Worm vs Hypoid Result Torque
Both comparisons, of allowable inertia and torque produced, were performed using equally sized motors with both hypoid and worm reducers. The outcomes in both research are obvious: hypoid reducers transfer power better.
The Hypoid Gear Advantage
As demonstrated throughout, the advantages of hypoid reducers speak for themselves. Their style allows them to run more efﬁciently, cooler, and provide higher reduction ratios when compared to worm reducers. As verified using the studies shown throughout, hypoid gearmotors are designed for higher preliminary inertia loads and transfer more torque with a smaller motor than a comparable worm gearmotor.
This can lead to upfront savings by allowing an individual to buy a smaller motor, and long-term savings in electrical and maintenance costs.
This also allows hypoid gearmotors to be a much better option in space-constrained applications. As shown, the entire footprint and symmetric style of hypoid gearmotors produces a more aesthetically pleasing style while enhancing workplace safety; with smaller sized, less cumbersome gearmotors there exists a smaller chance of interference with workers or machinery. Obviously, hypoid gearmotors are the most suitable choice for long-term cost savings and reliability compared to worm gearmotors.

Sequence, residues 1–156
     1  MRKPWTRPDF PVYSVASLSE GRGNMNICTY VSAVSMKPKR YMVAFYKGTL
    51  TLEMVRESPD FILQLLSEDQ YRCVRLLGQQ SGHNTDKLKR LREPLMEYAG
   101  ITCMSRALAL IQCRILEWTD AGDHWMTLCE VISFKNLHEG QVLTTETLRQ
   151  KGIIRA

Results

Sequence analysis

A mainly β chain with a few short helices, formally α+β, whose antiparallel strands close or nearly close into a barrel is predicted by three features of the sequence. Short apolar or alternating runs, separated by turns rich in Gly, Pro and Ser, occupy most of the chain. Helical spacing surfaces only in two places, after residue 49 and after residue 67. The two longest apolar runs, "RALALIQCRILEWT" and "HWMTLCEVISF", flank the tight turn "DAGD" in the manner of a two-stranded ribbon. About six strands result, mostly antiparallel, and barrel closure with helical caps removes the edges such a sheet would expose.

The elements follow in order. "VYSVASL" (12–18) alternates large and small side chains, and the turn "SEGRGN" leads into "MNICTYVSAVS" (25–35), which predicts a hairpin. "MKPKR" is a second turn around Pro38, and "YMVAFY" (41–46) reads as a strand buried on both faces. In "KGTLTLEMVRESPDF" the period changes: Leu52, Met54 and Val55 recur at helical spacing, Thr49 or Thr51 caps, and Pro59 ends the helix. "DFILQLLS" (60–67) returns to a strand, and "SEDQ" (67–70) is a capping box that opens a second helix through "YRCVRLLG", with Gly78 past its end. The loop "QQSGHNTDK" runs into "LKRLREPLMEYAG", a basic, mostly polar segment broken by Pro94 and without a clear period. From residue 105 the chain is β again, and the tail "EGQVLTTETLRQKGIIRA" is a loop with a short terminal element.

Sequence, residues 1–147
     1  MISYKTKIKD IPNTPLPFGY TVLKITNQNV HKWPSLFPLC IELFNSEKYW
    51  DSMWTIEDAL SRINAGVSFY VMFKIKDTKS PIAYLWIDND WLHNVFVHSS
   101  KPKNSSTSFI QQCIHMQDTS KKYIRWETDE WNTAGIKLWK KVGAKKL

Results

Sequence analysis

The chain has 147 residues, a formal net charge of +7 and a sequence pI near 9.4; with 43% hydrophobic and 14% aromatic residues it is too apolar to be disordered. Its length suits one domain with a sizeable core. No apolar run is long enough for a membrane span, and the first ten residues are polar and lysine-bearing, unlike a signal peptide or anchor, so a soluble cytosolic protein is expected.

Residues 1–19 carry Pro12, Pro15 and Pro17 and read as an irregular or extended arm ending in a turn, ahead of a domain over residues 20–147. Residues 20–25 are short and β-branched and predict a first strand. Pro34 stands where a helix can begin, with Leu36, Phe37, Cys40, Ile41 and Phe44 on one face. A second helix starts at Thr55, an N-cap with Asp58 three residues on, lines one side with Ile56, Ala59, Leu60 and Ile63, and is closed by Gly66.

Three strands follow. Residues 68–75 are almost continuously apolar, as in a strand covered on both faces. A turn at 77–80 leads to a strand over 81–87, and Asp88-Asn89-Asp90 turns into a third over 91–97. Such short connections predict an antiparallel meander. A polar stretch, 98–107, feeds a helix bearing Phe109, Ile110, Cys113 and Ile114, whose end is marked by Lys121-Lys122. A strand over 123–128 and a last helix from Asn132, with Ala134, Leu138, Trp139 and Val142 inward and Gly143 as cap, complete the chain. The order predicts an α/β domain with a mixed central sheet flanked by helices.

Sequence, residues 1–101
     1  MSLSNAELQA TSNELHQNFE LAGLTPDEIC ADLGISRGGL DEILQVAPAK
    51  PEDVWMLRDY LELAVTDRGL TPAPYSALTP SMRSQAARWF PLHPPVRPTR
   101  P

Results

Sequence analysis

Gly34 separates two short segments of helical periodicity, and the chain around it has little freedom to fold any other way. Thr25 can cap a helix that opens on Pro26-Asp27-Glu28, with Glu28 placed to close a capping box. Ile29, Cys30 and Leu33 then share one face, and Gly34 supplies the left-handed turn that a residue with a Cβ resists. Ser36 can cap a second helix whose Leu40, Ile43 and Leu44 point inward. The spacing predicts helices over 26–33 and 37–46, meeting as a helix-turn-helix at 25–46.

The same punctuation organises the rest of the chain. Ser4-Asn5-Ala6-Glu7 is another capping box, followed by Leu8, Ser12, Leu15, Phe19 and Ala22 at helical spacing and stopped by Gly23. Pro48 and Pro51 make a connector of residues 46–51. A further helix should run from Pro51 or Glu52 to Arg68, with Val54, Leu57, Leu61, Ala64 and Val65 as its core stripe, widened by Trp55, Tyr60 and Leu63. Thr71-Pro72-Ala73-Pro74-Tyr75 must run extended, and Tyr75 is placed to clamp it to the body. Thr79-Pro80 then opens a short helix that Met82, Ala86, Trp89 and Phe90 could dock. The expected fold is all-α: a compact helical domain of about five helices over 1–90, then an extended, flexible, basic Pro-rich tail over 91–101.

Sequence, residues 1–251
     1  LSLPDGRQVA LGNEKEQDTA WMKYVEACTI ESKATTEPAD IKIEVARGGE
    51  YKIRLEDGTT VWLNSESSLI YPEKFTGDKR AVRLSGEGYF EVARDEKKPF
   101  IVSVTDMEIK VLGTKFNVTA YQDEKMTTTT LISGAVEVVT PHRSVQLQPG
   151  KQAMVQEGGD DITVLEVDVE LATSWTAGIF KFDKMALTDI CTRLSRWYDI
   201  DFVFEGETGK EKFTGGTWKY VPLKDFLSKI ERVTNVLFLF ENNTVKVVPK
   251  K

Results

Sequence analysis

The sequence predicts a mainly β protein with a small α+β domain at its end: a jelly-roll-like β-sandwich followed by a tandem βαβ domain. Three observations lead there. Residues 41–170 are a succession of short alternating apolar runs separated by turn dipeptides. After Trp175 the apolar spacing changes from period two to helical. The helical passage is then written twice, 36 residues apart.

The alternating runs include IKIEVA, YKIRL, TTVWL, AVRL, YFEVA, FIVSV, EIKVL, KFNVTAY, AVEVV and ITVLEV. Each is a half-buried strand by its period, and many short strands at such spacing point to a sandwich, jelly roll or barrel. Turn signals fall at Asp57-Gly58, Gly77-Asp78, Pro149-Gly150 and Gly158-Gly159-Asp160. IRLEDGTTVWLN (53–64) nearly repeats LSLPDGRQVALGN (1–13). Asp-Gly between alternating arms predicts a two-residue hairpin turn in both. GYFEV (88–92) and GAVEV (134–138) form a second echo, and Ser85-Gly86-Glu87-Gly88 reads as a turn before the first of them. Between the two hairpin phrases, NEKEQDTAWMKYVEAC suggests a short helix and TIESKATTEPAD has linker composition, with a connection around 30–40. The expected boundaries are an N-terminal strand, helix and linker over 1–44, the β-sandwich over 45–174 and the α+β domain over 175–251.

Brother Gearmotors offers a family group of gearmotors that enhance operational efﬁciencies and reduce maintenance requirements and downtime. They offer premium efﬁciency systems for long-term energy cost savings. Besides being extremely efﬁcient, its hypoid/helical gearmotors are compact in size and sealed for life. They are light, reliable, and provide high torque at low quickness unlike their worm counterparts. They are permanently sealed with an electrostatic coating for a high-quality ﬁnish that assures consistently tough, water-tight, chemically resistant products that withstand harsh circumstances. These gearmotors also have multiple standard speciﬁcations, options, and installation positions to ensure compatibility.
Material: 7005 aluminum gear box, SAE 841 bronze worm gear, 303/304 stainless steel worm
Weight: 105.5 g per gear box
Size: 64 mm x 32 mm x 32 mm
Thickness: 2 mm
Gear Ratios: 4:1
Note: The helical spur equipment attaches to 4.7 mm D-shaft diameter. The worm gear attaches to 6 mm or 4.7 mm D-shaft diameters.
Worm Gear Speed Reducers is rated 5.0 out of 5 by 1.
8 Ratios Available from 5:1 to 60:1
7 Gear Box Sizes from 1.33 to 3.25″
Universally Interchangeable Design for OEM Replacement
Double Bearings Used on Both Shaft Ends
Anti-Rust Primer Applied Outside and inside Gearbox
Shaft Sleeve Protects All Shafts
S45C Carbon Metal Shafts
Flange Mount Versions for 56C and 145TC Motors